You obviously have no clue if you compare EU to China. For starters, the EU is not a country. And the rest is obvious to anyone with a little intelligence...
php-fpm uses the fastcgi protocol, which is not the same as cgi and therefor not vulnerable.
I'm the third party you're talking about, the developer of phpAdsNew. Sadly, things took a turn for the worse when the company OpenAds (now OpenX) decided to make a business out of the advertising server. Although they've made a lot of money, the open source version has been neglected completely.
I put the download page online because I didn't like the fact that you had to register, but I'm haven't been involved in the project since 2002, so there's not much I can do about this shameful bug.
Belgian ISP Telenet is doing this on 600.000 of its customers' routers. They call it 'homespot'.
Customers can login to any homespot (another customer's router) or any hotspot (at restaurants, airports, train stations, etc.) free of charge.
Works fine in Belgium, where there's hundreds of cameras and we see a steady decrease in the number of casualties at those lights. But maybe that's because there are so many, people actually start slowing down well in advance and don't hit the brakes as soon as they see a camera...
True, but I can't find a 14" with a screen HD 1920x1200 or 1920x1080... my Dell Latitude D820 was perfect offering all the bells and whistles without the keypad, but the successor has a keypad
Good advice, but impossible to do if you have a modern laptop, because even 15" laptops now have a keypad by default. It drives me crazy, because it means the keyboard is off-center and the glidepath is off-center.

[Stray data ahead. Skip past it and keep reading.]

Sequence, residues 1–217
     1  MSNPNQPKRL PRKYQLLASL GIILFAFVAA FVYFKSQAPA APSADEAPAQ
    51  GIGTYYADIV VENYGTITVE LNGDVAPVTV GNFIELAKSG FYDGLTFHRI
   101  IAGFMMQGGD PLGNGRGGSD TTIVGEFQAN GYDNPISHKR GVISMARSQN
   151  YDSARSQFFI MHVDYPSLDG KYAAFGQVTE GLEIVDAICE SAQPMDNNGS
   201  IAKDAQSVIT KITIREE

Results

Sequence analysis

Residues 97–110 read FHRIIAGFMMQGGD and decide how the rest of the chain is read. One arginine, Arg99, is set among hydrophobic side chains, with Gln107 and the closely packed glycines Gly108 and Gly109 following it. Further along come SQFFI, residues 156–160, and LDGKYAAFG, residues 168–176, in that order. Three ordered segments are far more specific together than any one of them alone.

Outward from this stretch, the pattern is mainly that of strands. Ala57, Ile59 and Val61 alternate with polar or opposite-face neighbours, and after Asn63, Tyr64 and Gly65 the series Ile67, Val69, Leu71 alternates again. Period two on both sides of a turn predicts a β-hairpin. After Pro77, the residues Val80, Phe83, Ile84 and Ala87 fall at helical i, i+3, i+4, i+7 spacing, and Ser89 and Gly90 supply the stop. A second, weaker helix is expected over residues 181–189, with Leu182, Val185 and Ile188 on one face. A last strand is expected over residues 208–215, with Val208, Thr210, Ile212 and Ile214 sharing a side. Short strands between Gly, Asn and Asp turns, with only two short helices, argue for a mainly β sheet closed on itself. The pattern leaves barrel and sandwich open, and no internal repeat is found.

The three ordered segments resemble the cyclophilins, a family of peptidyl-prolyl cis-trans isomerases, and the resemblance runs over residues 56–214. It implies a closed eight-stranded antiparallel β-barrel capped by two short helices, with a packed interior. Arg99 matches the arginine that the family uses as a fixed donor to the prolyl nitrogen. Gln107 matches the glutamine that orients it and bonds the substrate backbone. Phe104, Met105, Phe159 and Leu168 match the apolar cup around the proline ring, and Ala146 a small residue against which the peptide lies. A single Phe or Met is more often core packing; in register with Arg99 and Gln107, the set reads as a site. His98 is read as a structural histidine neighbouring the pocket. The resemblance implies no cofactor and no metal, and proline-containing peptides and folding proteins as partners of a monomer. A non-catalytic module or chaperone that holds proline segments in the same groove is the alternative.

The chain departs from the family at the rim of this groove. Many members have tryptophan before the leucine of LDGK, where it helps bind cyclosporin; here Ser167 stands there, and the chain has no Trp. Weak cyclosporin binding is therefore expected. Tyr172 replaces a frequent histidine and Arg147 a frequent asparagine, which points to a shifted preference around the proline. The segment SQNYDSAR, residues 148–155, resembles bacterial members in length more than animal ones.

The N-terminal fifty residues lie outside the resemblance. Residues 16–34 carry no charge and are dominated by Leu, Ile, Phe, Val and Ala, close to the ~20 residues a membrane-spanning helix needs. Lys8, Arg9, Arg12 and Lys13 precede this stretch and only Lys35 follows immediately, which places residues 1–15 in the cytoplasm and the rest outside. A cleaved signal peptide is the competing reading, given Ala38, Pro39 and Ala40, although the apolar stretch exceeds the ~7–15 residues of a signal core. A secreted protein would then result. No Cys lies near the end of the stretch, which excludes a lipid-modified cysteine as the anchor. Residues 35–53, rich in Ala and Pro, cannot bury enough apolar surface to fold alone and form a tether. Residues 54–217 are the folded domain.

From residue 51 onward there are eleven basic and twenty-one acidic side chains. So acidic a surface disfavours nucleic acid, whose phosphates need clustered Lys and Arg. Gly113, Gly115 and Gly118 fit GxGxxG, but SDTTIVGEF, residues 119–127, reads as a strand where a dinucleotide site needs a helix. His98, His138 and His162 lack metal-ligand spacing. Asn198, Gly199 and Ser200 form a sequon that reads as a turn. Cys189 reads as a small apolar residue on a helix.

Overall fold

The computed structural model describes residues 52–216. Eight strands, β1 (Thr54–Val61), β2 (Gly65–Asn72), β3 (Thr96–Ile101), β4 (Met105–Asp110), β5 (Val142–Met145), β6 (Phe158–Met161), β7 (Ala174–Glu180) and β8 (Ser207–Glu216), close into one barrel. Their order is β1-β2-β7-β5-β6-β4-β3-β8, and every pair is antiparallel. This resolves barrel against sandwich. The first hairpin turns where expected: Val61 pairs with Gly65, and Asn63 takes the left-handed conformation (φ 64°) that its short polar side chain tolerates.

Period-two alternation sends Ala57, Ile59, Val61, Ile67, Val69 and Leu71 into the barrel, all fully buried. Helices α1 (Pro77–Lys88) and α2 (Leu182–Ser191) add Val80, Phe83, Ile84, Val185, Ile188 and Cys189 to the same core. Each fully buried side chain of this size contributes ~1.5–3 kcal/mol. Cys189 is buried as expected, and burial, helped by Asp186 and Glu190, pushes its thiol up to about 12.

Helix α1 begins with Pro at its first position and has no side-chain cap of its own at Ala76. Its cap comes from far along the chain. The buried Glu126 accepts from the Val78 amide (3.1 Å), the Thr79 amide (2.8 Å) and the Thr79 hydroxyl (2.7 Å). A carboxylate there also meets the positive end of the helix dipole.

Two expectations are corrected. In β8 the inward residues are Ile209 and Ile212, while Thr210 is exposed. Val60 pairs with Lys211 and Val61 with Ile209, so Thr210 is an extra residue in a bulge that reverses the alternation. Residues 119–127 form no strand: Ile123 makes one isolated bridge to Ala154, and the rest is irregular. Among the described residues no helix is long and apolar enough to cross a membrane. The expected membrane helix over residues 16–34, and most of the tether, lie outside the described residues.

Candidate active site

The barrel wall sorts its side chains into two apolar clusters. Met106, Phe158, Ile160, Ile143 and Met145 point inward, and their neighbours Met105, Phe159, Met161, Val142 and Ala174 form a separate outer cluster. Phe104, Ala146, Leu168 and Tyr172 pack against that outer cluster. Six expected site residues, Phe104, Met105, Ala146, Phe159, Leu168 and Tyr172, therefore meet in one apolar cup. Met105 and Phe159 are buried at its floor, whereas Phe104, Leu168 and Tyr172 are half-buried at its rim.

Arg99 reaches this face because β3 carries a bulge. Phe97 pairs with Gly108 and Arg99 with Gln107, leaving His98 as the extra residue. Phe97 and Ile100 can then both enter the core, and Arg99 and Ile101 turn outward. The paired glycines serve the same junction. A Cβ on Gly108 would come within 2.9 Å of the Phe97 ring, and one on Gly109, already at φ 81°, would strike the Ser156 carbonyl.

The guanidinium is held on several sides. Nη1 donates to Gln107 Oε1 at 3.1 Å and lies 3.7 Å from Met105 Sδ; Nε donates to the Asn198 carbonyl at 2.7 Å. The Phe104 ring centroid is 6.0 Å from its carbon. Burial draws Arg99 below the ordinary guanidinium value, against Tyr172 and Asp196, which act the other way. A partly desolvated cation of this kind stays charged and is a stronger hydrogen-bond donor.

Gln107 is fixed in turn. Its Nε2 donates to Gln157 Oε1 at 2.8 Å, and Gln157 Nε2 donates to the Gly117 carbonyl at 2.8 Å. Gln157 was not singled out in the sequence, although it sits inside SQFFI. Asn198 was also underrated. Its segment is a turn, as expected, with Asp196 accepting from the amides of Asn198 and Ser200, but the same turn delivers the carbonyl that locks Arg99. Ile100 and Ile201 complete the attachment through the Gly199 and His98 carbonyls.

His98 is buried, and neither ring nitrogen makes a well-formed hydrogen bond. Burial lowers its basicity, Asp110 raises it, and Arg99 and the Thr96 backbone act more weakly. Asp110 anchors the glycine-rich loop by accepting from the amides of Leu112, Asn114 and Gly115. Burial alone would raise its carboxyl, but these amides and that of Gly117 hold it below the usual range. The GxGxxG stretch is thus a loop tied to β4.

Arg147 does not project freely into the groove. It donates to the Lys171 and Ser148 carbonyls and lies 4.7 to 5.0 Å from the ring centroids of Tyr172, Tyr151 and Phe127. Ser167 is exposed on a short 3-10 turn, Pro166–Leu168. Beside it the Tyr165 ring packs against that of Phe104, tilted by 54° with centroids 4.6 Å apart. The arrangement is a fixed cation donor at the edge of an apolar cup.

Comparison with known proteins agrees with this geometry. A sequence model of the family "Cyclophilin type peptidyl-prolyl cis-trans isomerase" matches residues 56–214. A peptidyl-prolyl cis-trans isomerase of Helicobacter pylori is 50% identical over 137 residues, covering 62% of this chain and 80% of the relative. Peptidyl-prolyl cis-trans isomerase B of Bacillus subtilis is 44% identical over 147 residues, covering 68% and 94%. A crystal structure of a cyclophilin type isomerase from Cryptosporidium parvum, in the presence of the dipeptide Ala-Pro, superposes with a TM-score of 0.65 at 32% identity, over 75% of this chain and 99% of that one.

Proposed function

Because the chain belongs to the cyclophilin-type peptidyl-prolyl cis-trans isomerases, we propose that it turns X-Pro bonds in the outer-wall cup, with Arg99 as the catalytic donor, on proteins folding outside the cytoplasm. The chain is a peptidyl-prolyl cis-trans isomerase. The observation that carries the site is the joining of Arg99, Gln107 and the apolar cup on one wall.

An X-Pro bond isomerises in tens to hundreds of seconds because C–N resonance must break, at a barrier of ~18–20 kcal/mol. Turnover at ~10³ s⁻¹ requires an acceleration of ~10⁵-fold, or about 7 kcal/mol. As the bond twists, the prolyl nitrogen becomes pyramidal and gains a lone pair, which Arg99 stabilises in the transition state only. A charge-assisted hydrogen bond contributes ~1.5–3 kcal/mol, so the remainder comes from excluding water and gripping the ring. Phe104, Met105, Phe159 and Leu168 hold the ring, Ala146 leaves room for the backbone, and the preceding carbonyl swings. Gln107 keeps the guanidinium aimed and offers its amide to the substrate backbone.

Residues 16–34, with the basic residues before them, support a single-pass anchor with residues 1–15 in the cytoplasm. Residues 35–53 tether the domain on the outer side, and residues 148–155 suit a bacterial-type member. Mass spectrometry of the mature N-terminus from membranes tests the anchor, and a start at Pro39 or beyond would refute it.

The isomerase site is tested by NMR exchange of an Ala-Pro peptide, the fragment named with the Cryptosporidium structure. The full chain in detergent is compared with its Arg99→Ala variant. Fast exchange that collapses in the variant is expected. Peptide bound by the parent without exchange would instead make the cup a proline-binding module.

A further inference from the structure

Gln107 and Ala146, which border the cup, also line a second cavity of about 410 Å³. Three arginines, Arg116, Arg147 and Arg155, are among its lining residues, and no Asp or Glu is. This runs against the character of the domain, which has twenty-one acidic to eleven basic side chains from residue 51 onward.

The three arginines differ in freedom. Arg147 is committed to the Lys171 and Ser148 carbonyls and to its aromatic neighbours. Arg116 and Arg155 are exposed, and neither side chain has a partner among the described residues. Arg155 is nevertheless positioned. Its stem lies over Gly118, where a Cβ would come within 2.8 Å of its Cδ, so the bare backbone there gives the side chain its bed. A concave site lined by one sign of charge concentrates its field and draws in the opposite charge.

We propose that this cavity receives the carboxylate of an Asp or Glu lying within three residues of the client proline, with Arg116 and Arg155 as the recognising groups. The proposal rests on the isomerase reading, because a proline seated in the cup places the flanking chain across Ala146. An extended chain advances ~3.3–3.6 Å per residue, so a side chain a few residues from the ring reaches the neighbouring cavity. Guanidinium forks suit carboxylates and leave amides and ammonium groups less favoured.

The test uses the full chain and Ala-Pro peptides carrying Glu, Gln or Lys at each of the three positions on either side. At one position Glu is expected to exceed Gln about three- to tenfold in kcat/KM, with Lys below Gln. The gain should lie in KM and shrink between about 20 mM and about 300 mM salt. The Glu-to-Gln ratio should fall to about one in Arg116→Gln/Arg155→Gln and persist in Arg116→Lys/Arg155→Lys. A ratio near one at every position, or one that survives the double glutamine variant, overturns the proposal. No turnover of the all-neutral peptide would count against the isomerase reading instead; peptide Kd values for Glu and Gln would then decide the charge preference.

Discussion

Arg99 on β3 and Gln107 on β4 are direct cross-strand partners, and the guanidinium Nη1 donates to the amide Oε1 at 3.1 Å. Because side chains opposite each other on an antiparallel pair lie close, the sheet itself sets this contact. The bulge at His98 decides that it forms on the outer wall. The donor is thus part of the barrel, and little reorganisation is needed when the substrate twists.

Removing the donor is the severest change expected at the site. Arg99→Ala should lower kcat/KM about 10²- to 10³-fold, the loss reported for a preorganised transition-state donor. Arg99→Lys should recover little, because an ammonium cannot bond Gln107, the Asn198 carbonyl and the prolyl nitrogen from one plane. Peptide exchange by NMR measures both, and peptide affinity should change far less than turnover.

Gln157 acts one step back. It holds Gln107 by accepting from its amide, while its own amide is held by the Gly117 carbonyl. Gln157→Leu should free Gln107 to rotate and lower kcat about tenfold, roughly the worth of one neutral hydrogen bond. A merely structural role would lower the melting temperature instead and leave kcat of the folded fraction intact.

Makes me wonder what idiot came up with the idea that 15" laptops needed a keypad ?
Actually it will already work on PHP 5.2/5.3 if it was compiled with --enable-zend-multibyte but that will depend on the hosting provider or the distribution being used.
So checking whether the host has this enabled (phpinfo() will tell you) is your best bet.
For 5.4 you still need to have it compiled with --enable-zend-multibyte but now you can disable it in php.ini
The fact that 5.4 doesn't introduce any backward incompatibilities should also increase the adoption rate significantly.
To fix your problem, set 'zend.multibyte = 1' in php.ini
The problem here might not be the open tag, but closing tag. If you use include(_once) or require(_once) and you used a closing tag in the file you're trying to include or require, you hve to be careful nothing follows that closing tag (like a newline...).
The best option is :
- Never to use a closing tag, since it's optional anyway
- To use a standard PHP IDE to write your code
You might want to read http://techblog.wimgodden.be/tag/codesniffer/
Make sure you have PHP_CodeSniffer version 1.3, not 1.2, otherwise it won't work...
Keep in mind that it doesn't guarantee full compatibility with PHP 5.4, but it does all the automated checks it can do, so that's a huge timesaver.
Including it it Debian or any other distribution is certainly a good idea. But I recommend waiting a week or two... I just released it today, so there may be some minor bugs in there...
If you want to get your code compatible, a start is to scan it automatically : https://github.com/wimg/PHPCompatibility - just released for 5.4 as well
Almost everything planned for PHP 6 is in 5.4, except for full unicode support, which was slowing down the entire language too much.
Using the PHPCompatibility Codesniffer rules will get you a long way : https://github.com/wimg/PHPCompatibility